2No main effects but interaction present Can I have a significant interaction without significant main effects?YesConsider the following table of meansB1B2A1102015A2
3No main effects but interaction present We can see from the marginal means that there is no difference in the levels of A, nor difference in the levels of factor BHowever, look at the graphical displayB1B2A1102015A2
4No main effects but interaction present In such a scenario we may have a significant interaction without any significant main effectsAgain, the interaction is testing for differences among cell means after factoring out the main effectsInterpret the interaction as normal
5RobustitudeAs in most statistical situations there would be a more robust method for going about factorial anovaInstead of using means, we might prefer trimmed means or medians so as to have tests based on estimates not so heavily influenced by outliers.And, there’s nothing to it.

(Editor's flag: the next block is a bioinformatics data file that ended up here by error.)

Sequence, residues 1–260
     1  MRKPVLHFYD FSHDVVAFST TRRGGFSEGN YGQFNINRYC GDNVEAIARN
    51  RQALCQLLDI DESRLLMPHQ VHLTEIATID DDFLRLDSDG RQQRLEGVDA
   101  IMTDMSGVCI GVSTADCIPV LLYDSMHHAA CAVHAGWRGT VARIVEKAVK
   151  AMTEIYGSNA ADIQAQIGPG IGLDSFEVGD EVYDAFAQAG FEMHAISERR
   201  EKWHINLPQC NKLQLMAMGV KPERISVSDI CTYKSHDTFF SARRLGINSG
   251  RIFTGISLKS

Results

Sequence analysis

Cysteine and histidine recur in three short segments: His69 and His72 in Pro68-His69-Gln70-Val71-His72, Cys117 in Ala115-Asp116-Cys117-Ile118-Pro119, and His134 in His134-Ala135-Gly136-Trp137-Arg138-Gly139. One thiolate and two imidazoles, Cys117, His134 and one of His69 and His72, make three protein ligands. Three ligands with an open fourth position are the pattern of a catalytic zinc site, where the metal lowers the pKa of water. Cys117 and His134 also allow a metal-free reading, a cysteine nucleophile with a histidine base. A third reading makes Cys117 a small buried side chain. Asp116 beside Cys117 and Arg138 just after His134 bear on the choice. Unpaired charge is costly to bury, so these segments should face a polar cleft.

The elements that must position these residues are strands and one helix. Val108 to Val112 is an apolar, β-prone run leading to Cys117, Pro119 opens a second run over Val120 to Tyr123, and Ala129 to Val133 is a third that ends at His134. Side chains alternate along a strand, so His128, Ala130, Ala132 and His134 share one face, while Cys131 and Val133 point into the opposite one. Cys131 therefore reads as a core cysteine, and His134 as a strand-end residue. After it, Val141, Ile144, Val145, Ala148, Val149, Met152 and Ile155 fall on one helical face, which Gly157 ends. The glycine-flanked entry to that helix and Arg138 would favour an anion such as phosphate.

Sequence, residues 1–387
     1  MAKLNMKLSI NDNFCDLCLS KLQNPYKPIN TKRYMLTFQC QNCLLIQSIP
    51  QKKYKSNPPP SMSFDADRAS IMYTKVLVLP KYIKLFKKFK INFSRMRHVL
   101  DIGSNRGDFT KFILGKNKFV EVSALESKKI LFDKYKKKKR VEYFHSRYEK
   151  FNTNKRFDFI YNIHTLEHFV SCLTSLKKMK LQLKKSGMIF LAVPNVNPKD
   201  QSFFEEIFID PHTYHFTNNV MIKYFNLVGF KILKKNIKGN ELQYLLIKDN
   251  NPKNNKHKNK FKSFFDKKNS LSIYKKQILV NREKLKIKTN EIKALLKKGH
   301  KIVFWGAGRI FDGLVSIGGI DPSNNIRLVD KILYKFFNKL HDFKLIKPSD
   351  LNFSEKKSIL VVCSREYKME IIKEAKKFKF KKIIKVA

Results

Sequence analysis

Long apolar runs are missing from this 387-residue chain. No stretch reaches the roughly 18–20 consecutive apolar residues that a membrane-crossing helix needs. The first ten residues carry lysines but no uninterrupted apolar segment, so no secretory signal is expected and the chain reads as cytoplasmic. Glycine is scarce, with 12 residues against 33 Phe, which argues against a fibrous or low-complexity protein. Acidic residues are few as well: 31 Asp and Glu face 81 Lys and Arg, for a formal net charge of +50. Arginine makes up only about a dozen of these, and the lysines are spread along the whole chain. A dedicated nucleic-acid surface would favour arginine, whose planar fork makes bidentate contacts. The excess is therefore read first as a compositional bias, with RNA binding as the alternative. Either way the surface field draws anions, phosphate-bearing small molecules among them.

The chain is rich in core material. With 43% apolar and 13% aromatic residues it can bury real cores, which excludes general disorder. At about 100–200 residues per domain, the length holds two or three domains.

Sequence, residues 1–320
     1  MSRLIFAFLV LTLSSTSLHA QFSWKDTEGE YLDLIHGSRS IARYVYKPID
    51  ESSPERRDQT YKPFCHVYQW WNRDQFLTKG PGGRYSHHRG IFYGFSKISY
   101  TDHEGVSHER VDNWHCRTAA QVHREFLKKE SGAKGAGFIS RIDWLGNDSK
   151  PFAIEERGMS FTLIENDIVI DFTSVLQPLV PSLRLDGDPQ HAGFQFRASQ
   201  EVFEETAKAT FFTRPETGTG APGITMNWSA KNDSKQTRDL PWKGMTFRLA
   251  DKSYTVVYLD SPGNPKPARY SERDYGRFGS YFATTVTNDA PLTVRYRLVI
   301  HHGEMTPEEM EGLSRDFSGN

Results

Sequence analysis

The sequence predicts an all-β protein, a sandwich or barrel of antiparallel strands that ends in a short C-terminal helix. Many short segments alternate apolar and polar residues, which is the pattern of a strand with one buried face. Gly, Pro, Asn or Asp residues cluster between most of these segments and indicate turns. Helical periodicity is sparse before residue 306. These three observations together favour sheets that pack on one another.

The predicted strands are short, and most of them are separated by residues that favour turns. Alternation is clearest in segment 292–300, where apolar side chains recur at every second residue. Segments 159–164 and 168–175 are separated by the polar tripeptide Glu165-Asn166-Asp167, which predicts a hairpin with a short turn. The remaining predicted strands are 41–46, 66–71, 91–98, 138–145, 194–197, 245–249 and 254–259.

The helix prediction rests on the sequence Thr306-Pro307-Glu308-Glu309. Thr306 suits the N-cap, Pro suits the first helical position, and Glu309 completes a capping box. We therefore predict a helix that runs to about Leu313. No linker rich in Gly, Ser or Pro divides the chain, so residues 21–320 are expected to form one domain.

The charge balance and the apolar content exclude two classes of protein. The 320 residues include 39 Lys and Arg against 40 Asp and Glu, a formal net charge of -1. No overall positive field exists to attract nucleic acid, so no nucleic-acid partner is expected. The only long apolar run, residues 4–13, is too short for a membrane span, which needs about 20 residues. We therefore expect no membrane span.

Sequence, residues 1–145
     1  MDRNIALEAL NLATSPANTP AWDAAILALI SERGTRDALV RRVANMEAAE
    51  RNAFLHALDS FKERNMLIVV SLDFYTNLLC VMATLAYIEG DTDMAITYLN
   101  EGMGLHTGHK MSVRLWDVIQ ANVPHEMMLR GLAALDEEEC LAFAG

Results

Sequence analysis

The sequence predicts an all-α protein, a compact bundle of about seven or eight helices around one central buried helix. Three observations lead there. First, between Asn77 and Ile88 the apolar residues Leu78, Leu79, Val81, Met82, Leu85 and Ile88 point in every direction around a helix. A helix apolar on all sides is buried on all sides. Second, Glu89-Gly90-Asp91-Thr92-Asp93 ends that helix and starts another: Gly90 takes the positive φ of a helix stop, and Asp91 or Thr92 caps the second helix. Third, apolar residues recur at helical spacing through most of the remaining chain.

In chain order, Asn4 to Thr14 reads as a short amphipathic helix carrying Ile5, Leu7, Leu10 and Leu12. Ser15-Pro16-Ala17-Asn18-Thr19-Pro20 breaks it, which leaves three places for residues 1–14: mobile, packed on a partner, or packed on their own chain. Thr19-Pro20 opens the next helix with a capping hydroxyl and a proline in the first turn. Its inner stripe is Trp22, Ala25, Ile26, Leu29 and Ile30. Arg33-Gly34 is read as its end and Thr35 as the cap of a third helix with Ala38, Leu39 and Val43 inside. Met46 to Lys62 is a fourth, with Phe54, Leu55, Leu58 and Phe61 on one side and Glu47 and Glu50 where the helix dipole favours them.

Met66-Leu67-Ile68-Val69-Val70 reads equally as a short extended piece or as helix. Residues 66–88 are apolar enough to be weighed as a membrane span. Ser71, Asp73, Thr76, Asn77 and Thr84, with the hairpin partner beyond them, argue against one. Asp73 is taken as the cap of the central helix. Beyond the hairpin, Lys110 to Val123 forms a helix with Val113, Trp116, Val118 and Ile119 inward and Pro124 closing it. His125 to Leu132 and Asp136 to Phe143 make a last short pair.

6Between subjects factorial using trimmed means InteractionMain effects
7Robustitude Or using R you type in something along the lines of t2way(A, B, x, grp=c(1:p), tr=.2, alpha=.05)Again, don’t be afraid to try robust methods as they are often easily implemented with appropriate software.
8Unequal sample sizesAlong with the typical assumptions of Anova, we are in effect assuming equal cell sizes as wellIn non-experimental situations, there will be unequal numbers of observations in each cellSemester/time period for collection ends and you need to graduateQuasi-experimental designParticipants fail to arrive for testingData are lost etc.In factorial designs, the solution to this problem is not simpleFactor and interaction effects are not independentDo not total up to SSb/tInterpretation can be seriously compromisedNo general, agreed upon solution
9The problem (Howell example) MichiganArizonaColumnmeansNon-drinkingDrinkingRow meansDrinking participants made on average 6 more errors, regardless of whether they came from Michigan or ArizonaNo differences between Michigan and Arizona participants in that regard
10ExampleHowever, there is a difference in the row means as if there were a difference between StatesOccurs because there are unequal number of participants in the cellsIn general, we do not wish sample sizes to influence how we interpret differences between meansWhat can be done?